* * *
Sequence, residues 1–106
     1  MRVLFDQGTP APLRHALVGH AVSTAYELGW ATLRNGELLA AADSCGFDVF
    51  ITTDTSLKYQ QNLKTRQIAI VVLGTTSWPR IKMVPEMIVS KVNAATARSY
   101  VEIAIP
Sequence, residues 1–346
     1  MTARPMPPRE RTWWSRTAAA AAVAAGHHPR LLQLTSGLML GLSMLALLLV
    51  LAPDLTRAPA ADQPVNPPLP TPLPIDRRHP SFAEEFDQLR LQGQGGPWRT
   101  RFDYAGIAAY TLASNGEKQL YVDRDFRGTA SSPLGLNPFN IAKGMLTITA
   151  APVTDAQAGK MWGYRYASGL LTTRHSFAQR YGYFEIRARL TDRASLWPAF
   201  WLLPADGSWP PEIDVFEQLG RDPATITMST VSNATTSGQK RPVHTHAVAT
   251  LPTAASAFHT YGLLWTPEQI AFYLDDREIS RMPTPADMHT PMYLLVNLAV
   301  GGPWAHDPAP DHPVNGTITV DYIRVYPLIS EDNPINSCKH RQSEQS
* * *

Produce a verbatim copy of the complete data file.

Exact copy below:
Sequence, residues 1–106
     1  MRVLFDQGTP APLRHALVGH AVSTAYELGW ATLRNGELLA AADSCGFDVF
    51  ITTDTSLKYQ QNLKTRQIAI VVLGTTSWPR IKMVPEMIVS KVNAATARSY
   101  VEIAIP
Sequence, residues 1–346
     1  MTARPMPPRE RTWWSRTAAA AAVAAGHHPR LLQLTSGLML GLSMLALLLV
    51  LAPDLTRAPA ADQPVNPPLP TPLPIDRRHP SFAEEFDQLR LQGQGGPWRT
   101  RFDYAGIAAY TLASNGEKQL YVDRDFRGTA SSPLGLNPFN IAKGMLTITA
   151  APVTDAQAGK MWGYRYASGL LTTRHSFAQR YGYFEIRARL TDRASLWPAF
   201  WLLPADGSWP PEIDVFEQLG RDPATITMST VSNATTSGQK RPVHTHAVAT
   251  LPTAASAFHT YGLLWTPEQI AFYLDDREIS RMPTPADMHT PMYLLVNLAV
   301  GGPWAHDPAP DHPVNGTITV DYIRVYPLIS EDNPINSCKH RQSEQS